Alaska: Only TransCanada Makes Cut in AGIA Process

Alaskan North Slope
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Gov. Sarah Palin on Friday announced that the State of Alaska has finished its completeness review of the five AGIA applications. The application from TransCanada Alaska Company, LLC/Foothills Pipelines, Ltd. ("TransCanada") satisfied all of the mandatory requirements set out in AGIA. Thus, TransCanada's application will move to the next phase, the evaluation phase, of the AGIA process.

AGIA requires that, before an application can be evaluated, it must first undergo a "completeness review" by the commissioners of Natural Resources and Revenue to determine whether it complies with the requirements of AGIA. Then, the commissioners must evaluate the application to determine whether it will sufficiently maximize the benefits to Alaskans and merit issuance of the exclusive AGIA license. The commissioners are now soliciting public comment to help them evaluate the TransCanada application and make that determination.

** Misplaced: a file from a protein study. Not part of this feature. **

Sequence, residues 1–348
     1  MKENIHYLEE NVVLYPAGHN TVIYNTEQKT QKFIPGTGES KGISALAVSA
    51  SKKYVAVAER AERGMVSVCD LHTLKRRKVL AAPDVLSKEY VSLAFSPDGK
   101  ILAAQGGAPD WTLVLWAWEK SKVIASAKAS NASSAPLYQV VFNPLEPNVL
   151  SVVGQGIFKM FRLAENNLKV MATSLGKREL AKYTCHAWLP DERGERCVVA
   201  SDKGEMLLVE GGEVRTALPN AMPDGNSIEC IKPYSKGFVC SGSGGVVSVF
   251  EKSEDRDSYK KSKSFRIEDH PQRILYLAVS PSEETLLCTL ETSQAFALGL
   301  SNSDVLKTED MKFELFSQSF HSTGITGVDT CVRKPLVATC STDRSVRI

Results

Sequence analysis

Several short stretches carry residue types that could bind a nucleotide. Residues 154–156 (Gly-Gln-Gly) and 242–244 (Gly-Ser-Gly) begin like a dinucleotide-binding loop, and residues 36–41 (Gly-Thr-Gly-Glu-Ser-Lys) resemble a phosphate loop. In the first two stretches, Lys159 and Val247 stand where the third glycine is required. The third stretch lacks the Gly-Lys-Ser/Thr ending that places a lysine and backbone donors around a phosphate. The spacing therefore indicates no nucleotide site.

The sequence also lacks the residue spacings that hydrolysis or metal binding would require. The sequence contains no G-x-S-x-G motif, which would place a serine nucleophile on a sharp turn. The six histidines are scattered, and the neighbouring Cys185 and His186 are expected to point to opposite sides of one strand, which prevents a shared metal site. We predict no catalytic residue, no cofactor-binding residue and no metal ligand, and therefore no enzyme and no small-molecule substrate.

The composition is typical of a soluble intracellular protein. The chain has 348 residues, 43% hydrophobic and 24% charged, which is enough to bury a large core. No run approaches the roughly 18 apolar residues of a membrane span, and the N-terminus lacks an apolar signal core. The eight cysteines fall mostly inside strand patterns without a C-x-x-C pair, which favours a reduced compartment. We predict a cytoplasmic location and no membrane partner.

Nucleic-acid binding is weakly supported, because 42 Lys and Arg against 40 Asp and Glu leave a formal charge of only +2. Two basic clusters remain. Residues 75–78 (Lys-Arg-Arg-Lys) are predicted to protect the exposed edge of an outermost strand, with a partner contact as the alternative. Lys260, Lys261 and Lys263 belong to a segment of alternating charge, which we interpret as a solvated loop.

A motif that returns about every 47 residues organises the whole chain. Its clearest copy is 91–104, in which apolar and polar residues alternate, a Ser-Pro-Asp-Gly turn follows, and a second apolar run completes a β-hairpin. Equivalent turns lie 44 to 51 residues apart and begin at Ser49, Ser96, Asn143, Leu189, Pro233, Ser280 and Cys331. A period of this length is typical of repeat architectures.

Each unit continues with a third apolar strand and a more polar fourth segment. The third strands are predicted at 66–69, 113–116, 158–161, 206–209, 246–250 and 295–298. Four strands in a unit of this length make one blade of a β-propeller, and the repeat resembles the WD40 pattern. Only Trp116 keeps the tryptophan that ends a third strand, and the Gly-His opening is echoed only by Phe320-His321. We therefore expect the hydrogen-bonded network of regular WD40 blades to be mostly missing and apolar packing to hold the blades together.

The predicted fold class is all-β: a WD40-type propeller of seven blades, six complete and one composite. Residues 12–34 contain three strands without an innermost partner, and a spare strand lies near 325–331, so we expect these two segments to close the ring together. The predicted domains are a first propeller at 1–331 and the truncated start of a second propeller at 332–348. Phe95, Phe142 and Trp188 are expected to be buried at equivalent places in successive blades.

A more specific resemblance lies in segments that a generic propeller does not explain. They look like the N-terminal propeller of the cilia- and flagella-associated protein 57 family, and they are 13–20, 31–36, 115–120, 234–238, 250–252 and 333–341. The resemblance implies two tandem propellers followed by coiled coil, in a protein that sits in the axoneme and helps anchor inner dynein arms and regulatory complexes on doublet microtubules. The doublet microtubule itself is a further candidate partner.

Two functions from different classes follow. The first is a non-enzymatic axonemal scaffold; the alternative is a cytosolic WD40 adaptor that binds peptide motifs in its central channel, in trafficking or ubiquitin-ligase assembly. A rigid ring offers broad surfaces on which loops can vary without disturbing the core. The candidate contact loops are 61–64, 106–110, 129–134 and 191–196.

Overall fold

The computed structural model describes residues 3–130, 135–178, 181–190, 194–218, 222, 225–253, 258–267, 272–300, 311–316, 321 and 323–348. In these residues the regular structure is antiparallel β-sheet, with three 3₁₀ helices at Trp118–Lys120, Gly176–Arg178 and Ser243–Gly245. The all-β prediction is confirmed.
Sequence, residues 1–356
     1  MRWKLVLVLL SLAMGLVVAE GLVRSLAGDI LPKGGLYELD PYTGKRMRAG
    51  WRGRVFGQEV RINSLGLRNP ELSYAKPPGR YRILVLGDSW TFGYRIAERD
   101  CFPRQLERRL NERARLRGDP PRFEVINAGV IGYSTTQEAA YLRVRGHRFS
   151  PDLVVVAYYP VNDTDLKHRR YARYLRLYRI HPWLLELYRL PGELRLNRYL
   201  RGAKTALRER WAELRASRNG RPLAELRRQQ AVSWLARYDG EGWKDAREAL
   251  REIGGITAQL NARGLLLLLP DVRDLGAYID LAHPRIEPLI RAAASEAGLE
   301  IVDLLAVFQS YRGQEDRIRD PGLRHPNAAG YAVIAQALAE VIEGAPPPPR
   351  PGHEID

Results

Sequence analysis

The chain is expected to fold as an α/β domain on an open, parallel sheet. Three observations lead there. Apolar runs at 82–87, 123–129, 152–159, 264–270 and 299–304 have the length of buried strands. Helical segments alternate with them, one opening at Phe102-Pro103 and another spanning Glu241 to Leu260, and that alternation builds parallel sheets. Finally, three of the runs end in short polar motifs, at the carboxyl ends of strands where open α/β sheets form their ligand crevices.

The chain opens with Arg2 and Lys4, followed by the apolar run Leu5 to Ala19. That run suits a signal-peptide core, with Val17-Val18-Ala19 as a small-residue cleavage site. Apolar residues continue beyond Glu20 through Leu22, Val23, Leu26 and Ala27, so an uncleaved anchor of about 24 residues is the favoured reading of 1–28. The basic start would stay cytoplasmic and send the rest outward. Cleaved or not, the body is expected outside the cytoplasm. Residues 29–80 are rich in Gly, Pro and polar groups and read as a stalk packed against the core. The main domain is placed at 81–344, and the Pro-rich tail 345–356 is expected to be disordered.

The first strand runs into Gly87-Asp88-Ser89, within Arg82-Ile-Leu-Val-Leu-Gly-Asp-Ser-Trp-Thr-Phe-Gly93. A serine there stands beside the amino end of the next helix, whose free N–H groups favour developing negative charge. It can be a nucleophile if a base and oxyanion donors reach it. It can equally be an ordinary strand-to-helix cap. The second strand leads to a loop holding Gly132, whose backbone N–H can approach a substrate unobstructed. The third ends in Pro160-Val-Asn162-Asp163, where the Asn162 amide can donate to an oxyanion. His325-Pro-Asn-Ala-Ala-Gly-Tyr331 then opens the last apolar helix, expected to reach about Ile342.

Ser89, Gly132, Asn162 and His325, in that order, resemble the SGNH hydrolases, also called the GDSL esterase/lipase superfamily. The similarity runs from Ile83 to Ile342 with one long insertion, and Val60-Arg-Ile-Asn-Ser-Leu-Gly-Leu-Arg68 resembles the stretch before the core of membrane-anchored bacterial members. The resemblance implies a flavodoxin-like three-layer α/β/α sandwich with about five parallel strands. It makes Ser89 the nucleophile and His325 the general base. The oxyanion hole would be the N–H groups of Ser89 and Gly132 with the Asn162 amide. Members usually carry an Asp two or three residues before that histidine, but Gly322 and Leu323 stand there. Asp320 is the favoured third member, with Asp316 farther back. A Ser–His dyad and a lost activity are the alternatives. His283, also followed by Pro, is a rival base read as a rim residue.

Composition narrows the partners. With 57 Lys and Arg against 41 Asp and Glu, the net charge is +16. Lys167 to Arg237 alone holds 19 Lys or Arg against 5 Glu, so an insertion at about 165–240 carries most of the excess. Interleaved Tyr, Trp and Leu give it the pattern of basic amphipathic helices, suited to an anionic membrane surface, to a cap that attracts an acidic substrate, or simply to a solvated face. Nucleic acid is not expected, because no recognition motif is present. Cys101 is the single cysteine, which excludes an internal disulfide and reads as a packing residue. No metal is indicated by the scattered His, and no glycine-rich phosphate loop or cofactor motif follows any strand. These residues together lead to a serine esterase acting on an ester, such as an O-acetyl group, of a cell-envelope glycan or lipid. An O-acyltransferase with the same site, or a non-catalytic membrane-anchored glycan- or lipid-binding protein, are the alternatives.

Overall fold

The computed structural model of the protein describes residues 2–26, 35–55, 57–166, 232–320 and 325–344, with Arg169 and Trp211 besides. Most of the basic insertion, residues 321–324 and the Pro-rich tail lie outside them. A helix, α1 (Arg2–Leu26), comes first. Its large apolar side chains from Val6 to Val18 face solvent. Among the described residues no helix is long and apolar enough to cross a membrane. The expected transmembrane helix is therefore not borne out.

The five companies which had applied under AGIA to develop and build a natural gas pipeline to transport North Slope gas to market were: AEnergia LLC, the Alaska Gasline Port Authority, the Alaska Natural Gas Development Authority, Little Susitna Construction Company, Inc. ("Sinopec ZPEB"); and TransCanada. While TransCanada's application was deemed complete, the commissioners determined that the other four applications did not meet the requirements of AGIA. Those applications will not be evaluated further.

"We have reached another important milestone in bringing our Alaska's natural gas to market," said Palin. "We have long stated that it only takes one good application. We're thrilled to have a project sponsor willing to build a pipeline on terms that benefit all Alaskans. Today's result is tremendously satisfying." Public review and comment will begin on January 5, 2008 and will last 60 days, closing March 6, 2008. The public may review all applications received and provide comments to assist the commissioners in their determination of whether TransCanada's application proposes a project that will sufficiently maximize the benefits to Alaskans and merits issuance of the exclusive AGIA license. If the commissioners find that the TransCanada application meets that test, they will forward it to the Legislature for approval.

All applications and public comment procedures have been posted online at


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